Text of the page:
There are several NodeJS modules out there which can be used to perform sentiment analysis on text, including sentiment, sentimental, sentiment-alyze and sentiword. Of course, all of these packages have to be used on the server side.

I recently found myself wanting to use sentiment analysis on the client side, and so went searching for a browser-based sentiment analysis package. There isn't too much out there, but I did come across an excellent browser-based package called Sentimood.js. According to the GitHub readme.md file, it is effectively the same as the NodeJS sentimental package, but edited/translated for browser-side use.

Setup

Sentimood is incredibly easy to use. You can use bower to install the package with bower install sentimood. Alternatively, just copy the sentimood.js file from the GitHub repository to the desired location in your repository. Once you have done this, you will need to reference the script as follows:

<script type="text/javascript" src="your-path/sentimood.js"></script>

Once referenced, Sentimood is very intuitive. You can use it as follows:

var sentimood = new Sentimood();
var analysis = sentimood.analyze('Node is good');
var positivity = sentimood.positivity('Python is excellent');
var negativity = sentimood.negativity('PHP is bad');

To get to grips with Sentimood, it is actually best to mess around with it in the REPL. To do this, open your REPL by running the node command from your project root. You can then load the contents of sentimood.js into the REPL using:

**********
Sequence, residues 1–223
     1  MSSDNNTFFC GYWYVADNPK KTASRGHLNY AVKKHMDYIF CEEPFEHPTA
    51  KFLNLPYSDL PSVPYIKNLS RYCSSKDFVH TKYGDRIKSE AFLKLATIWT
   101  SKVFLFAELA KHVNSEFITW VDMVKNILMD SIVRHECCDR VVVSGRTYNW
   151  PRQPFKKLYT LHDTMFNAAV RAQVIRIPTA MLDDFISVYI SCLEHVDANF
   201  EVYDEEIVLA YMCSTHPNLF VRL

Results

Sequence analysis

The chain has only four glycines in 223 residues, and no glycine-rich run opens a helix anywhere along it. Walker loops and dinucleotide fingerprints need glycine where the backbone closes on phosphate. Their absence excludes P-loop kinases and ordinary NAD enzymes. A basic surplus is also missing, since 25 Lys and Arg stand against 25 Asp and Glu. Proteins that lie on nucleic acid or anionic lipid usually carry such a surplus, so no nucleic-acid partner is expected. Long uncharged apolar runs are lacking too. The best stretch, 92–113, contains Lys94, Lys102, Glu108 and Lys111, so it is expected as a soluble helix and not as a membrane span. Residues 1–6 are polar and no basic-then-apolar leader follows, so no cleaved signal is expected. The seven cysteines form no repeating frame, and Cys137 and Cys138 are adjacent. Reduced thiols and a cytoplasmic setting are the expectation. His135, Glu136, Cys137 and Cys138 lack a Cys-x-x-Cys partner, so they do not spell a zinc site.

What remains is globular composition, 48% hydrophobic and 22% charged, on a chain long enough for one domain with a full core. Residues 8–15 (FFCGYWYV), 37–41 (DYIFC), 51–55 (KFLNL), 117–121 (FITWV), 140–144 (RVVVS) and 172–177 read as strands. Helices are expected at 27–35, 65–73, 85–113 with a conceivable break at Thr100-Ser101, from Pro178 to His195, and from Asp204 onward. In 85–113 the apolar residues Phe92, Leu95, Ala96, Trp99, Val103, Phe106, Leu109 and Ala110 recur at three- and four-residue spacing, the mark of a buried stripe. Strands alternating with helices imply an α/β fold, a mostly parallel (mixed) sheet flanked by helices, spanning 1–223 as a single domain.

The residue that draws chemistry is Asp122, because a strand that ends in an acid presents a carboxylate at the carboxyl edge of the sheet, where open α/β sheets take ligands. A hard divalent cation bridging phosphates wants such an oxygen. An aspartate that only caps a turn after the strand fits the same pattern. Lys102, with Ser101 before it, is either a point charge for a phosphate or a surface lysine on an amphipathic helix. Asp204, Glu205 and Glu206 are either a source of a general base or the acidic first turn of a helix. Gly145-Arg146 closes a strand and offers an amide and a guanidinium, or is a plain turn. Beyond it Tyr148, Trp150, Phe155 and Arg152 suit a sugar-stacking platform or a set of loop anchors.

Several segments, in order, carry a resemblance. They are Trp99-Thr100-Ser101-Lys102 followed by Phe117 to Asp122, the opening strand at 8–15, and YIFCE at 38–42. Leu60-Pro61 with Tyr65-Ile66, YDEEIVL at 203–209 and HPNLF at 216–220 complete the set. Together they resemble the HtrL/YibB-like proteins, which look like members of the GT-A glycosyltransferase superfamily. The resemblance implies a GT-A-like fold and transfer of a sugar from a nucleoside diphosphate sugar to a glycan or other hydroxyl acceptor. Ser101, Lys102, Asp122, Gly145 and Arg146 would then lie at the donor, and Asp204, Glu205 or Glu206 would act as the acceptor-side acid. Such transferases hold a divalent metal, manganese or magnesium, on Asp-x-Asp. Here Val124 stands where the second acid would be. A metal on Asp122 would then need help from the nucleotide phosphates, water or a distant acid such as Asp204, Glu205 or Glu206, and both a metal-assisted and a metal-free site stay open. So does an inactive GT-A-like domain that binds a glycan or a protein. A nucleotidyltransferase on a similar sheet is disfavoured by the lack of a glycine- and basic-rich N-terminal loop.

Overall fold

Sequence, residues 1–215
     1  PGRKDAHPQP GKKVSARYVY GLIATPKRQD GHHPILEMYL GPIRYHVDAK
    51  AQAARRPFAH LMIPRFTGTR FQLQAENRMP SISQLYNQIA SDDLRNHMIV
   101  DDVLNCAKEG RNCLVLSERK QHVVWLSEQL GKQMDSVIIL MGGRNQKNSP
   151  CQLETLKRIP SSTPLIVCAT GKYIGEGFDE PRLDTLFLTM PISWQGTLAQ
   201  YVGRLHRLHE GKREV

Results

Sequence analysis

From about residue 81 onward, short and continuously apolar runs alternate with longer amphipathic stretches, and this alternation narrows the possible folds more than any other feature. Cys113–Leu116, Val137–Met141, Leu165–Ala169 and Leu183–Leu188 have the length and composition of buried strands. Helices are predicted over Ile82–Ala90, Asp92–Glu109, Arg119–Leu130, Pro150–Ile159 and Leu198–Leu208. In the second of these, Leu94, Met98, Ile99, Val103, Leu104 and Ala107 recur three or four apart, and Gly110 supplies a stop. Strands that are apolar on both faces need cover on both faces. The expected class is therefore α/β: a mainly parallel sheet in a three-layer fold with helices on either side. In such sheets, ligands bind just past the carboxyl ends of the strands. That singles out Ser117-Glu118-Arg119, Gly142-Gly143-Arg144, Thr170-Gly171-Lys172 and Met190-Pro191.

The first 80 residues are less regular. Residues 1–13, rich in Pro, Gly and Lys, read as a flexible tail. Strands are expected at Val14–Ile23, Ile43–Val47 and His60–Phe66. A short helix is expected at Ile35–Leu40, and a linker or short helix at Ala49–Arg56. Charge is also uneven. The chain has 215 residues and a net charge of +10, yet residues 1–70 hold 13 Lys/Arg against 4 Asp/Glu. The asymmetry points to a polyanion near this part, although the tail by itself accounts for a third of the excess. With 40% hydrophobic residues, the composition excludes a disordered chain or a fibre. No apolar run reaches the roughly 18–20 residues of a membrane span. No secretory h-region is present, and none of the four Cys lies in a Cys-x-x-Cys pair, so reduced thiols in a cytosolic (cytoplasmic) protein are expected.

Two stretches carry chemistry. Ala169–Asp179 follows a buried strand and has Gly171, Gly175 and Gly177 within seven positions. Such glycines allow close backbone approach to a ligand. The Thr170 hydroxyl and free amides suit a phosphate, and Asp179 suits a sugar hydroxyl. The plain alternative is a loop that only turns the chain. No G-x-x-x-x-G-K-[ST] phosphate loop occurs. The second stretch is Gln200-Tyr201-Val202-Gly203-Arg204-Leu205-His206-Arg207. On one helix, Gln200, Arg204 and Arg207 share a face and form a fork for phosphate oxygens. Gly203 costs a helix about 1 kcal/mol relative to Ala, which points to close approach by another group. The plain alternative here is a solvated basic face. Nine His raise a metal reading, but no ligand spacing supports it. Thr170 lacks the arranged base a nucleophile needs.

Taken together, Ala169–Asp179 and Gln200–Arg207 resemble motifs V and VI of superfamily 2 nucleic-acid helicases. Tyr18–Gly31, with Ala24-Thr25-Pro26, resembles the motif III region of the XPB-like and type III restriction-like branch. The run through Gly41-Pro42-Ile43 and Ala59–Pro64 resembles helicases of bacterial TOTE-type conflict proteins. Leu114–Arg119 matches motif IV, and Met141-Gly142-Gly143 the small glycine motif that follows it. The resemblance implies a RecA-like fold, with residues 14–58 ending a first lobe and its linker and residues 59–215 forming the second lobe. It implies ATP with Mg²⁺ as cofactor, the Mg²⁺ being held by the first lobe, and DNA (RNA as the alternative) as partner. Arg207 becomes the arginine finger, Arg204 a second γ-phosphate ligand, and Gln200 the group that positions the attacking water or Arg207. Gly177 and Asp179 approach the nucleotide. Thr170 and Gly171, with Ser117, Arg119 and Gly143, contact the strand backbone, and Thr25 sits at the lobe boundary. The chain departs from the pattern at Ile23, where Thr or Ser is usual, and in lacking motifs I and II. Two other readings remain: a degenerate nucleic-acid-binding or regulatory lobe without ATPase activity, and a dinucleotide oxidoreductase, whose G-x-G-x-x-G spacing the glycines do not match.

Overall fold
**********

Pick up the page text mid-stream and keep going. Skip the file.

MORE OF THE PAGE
.load components/sentimood/sentimood.js

Your path to sentimood.js may be different if you have different Bower settings, or if you haven't used Bower for installation. One disadvantage of this load method is that it places the code from the sentimood.js file into your Node REPL history so you will not be to access your recent command history (unless you press the up arrow a LOT).

Once Sentimood is loaded into your REPL, you can play with it easily.

> var sentimood = new Sentimood();
undefined
> sentimood.analyze('Node is good')
the phrase is
Node is good
{ score: 3,
  comparative: NaN,
  positive: 
   { score: 3,
     comparative: 3,
     words: [ 'good' ] },
  negative: { score: 0, comparative: NaN, words: [] } }
> sentimood.analyze('Node is bad')
the phrase is
Node is bad
{ score: -3,
  comparative: NaN,
  positive: { score: 0, comparative: NaN, words: [] },
  negative: 
   { score: 3,
     comparative: 3,
     words: [ 'bad' ] } }

Of course, whenever you use a sentiment analysis tool you always have to understand that it may have limitations. For example, Sentimood struggles as soon as I use a double-negative:

> sentimood.analyze('Node is not bad')
the phrase is
Node is not bad
{ score: -3,
  comparative: NaN,
  positive: { score: 0, comparative: NaN, words: [] },
  negative: 
   { score: 3,
     comparative: 3,
     words: [ 'bad' ] } }

That said, Sentimood appears to be the only client-side sentiment analysis NPM package available. I have found it very useful for my work - hopefully you will find it helpful too.